The Ornithosuchia were medium-to-large (upto 3.3 metres) carnivores, with mouths full of wicked over-sized teeth. They were clearly active hunters, and the hindlimbs were much larger than the forelimbs. It used to be thought that this meant the creature was a total biped (like the large carnivorous dinosaurs for example), but they were more probably only faculative bipeds; that is although they were able to run on their back legs when they wanted to, they probably preferred quadrapedal locomotion.
They have a rather short skull, with the orbits laterally directed (in other words the eyes were on the side of the head), small supratemporal and large infratemporal openings in the side of the skull (these were for the attachment of jaw muscles). The skull and hence the upper jaw is clearly longer than the lower jaw, with a conspicuous constriction in the premaxilla. This seems to indicate a sort of mobile joint; the same adaptation is also found in primitive Proterosuchian thecodonts of the early Triassic and Dilophosaurian theropod dinosaurs of the early Jurassic. The teeth are backwardly recurved, perhaps to prevent struggling prey getting free.
Technically, the Ornithosuchids are distinguished from most other advanced thecodonts (the Psuedosuchia) by a different sort of ankle structure: the so-called "Crocodile-Reversed" (CR) joint. Both the Psuedosuchian "Crocodile-Normal" (CN) and the Ornithosuchia "Crocodile-Reversed" (CR) ball-and-socket ankle joints were ways of increasing the mobility of the animal; both had a definite advantage over the older Protosuchian/Erythosuchian ankle, which was only a simple hinge.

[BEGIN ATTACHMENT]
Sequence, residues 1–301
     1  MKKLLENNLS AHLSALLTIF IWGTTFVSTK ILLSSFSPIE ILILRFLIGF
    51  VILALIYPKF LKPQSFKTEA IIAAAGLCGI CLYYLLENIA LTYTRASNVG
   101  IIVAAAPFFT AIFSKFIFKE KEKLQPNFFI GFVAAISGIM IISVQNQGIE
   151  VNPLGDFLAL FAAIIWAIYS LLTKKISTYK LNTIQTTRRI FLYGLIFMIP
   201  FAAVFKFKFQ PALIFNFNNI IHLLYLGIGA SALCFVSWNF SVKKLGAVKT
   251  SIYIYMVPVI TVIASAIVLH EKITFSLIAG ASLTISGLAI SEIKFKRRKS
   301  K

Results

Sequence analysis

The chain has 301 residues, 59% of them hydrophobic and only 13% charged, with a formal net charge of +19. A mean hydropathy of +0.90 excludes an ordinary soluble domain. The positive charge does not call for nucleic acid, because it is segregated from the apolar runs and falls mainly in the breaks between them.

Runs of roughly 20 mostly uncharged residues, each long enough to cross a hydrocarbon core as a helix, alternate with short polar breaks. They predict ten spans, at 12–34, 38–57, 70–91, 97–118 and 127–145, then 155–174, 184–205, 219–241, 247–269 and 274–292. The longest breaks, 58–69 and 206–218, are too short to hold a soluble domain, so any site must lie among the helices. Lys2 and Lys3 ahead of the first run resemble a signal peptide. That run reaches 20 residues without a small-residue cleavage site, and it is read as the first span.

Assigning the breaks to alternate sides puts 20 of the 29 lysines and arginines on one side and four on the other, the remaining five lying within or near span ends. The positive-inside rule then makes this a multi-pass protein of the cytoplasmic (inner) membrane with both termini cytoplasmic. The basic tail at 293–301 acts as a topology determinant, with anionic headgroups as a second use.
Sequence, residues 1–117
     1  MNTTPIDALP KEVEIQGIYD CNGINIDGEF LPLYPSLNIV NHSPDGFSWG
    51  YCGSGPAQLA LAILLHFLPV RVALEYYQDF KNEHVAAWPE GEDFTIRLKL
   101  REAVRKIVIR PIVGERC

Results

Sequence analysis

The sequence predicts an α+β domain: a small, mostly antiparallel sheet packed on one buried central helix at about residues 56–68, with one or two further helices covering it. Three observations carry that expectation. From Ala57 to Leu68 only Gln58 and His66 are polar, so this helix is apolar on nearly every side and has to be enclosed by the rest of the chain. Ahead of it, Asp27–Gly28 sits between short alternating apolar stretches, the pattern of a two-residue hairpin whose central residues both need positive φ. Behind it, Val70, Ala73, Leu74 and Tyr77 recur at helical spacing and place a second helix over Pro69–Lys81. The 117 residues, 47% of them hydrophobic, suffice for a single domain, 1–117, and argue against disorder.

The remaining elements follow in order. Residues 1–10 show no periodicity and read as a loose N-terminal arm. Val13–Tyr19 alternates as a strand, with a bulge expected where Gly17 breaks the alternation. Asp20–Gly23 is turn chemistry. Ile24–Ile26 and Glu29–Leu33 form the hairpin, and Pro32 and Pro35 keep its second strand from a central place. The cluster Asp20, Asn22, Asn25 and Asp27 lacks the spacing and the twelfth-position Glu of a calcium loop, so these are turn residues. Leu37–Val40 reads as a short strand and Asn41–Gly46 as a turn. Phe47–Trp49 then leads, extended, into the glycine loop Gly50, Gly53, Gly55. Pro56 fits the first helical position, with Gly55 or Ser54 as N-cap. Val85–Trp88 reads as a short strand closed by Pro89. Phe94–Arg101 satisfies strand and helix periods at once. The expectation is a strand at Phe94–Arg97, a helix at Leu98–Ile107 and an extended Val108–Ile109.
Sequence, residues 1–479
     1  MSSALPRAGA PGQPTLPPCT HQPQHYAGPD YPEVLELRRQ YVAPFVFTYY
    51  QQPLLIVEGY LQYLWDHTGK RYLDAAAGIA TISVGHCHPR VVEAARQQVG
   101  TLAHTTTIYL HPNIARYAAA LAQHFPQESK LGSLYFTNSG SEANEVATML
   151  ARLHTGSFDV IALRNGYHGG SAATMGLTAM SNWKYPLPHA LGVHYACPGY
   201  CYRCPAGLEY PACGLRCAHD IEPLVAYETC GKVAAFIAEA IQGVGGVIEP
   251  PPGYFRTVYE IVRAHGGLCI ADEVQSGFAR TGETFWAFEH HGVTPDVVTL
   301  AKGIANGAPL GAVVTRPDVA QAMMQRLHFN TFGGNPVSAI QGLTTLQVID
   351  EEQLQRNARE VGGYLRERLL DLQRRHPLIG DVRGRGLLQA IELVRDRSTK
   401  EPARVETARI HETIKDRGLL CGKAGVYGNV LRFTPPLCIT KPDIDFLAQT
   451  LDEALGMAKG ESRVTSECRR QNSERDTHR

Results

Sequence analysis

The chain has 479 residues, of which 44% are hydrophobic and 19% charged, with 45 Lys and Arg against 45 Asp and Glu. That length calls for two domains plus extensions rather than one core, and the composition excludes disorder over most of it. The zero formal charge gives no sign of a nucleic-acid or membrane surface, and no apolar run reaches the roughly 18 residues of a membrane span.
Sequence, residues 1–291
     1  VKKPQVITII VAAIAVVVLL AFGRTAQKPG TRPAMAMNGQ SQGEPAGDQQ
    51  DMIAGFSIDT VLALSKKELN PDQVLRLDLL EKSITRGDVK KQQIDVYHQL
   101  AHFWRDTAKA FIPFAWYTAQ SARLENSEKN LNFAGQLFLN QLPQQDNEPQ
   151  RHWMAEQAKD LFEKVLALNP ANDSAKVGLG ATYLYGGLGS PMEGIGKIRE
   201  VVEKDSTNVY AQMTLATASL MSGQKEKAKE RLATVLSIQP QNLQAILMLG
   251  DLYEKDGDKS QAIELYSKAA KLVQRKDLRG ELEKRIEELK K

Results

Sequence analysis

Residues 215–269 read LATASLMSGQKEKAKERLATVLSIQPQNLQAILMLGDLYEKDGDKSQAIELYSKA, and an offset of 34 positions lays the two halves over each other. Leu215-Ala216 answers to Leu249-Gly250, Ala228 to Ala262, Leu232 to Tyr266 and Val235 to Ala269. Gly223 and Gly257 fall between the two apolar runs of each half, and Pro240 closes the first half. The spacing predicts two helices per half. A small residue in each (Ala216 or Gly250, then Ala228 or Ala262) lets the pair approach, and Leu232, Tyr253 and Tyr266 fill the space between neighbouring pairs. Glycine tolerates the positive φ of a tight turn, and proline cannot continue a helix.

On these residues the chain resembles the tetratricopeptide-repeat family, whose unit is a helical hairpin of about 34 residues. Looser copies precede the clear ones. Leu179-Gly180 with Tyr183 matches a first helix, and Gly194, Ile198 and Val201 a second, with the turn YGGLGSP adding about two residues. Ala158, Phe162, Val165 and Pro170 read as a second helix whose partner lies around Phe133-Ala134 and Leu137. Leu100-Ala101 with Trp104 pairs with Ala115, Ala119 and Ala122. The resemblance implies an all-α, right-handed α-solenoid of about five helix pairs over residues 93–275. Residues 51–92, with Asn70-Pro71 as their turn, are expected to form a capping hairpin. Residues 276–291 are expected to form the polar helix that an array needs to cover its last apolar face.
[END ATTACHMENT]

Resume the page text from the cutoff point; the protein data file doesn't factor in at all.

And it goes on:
The Ornithosuchids were also one of a number of groups of Triassic archosaurs that individually evolved a fully-erect (bird- and mammal-like) limb posture, as opposed to the crawling and semi-erect postures of more primitive thecodonts, and the semi-erect posture of crocodiles today. Ornithosuchus itself was originally considered a psuedosuchian thecodont, then reclassified as an early theropod dinosaur, then later as a dinosaur-uncle, and is now considered to be a side-branch on the line to Crocodiles. Well, who knows.
So far, Ornithosuchid fossil remains are known only from Scotland and Argentina, although it can be assumed their distribution was much greater.
length 2 meters
late Carnian of south-west Pangea
drawing from The Cambridge Encyclopedia of Life Sciences, ed. Adrian Friday & David S. Ingram, Cambridge University Press 1985,
some parts of the original retouched
mobility: Faculative bipeds (could run on back legs when wanted to)
known time range: Carnian to Rhaetian (c. 20 million years)
known distribution: central Laurasia to west Gondwana (actual distribution almost certainly Pangean)
metabolic rate: homeotherm (or partial endotherm)???
food: other tetrapods
predators: probably none
possible ancestor: Erpetosuchidae? or Euparkeridae?
guild: large-medium terrestrial carnivore
replaced: small to medium-sized Rauisuchia???
cause of extinction: terminal Triassic mass-extinction
Linnean status of taxon: family
Cladistic status: monophyletic
Ornithosuchus longidens (Huxley
horizon: Lossiemouth Beds (late Carnian)
locality: Elgin, Scotland (central Laurasia)
known material: skull and postcrania
size: total length to 3.3 metres
model from the Elgin Museum
comments: The first member of this family to be described, this was a large animal, without doubt the top preditor of its environment. Originally reconstructed as a biped, and certainly capable of bipdal locomation, it probably spent most of its time on all fours. The skull is strikingly similiar to that of large theropod dinosaurs like Tyrannosaurus, leading to the suggestion (now discredited) that Ornithosuchids were actually primitive Theropod dinosaurs.